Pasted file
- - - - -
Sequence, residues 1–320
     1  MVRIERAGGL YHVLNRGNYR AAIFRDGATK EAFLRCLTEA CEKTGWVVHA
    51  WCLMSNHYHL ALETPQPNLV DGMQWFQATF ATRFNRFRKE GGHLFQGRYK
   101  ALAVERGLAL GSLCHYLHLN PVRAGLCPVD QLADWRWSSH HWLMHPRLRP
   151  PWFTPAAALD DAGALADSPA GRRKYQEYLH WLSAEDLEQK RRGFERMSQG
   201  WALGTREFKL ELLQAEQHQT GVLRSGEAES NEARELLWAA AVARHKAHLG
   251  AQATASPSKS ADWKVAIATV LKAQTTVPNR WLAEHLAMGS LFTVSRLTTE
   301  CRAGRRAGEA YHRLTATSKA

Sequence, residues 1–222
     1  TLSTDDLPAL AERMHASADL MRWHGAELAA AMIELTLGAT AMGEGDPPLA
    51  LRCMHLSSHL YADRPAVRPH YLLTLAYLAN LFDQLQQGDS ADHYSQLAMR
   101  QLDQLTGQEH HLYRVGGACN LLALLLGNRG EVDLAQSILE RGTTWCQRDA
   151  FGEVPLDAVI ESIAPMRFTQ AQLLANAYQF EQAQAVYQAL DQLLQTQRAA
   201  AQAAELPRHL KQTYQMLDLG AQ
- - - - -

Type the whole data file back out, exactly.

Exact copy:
Sequence, residues 1–320
     1  MVRIERAGGL YHVLNRGNYR AAIFRDGATK EAFLRCLTEA CEKTGWVVHA
    51  WCLMSNHYHL ALETPQPNLV DGMQWFQATF ATRFNRFRKE GGHLFQGRYK
   101  ALAVERGLAL GSLCHYLHLN PVRAGLCPVD QLADWRWSSH HWLMHPRLRP
   151  PWFTPAAALD DAGALADSPA GRRKYQEYLH WLSAEDLEQK RRGFERMSQG
   201  WALGTREFKL ELLQAEQHQT GVLRSGEAES NEARELLWAA AVARHKAHLG
   251  AQATASPSKS ADWKVAIATV LKAQTTVPNR WLAEHLAMGS LFTVSRLTTE
   301  CRAGRRAGEA YHRLTATSKA

Sequence, residues 1–222
     1  TLSTDDLPAL AERMHASADL MRWHGAELAA AMIELTLGAT AMGEGDPPLA
    51  LRCMHLSSHL YADRPAVRPH YLLTLAYLAN LFDQLQQGDS ADHYSQLAMR
   101  QLDQLTGQEH HLYRVGGACN LLALLLGNRG EVDLAQSILE RGTTWCQRDA
   151  FGEVPLDAVI ESIAPMRFTQ AQLLANAYQF EQAQAVYQAL DQLLQTQRAA
   201  AQAAELPRHL KQTYQMLDLG AQ